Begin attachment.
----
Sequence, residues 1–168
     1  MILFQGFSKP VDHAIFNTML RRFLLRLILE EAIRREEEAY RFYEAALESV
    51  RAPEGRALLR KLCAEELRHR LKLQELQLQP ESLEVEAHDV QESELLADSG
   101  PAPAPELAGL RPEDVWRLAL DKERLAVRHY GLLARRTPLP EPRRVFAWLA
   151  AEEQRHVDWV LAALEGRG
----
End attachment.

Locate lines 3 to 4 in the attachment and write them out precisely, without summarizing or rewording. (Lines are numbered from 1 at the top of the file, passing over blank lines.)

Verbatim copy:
    51  RAPEGRALLR KLCAEELRHR LKLQELQLQP ESLEVEAHDV QESELLADSG
   101  PAPAPELAGL RPEDVWRLAL DKERLAVRHY GLLARRTPLP EPRRVFAWLA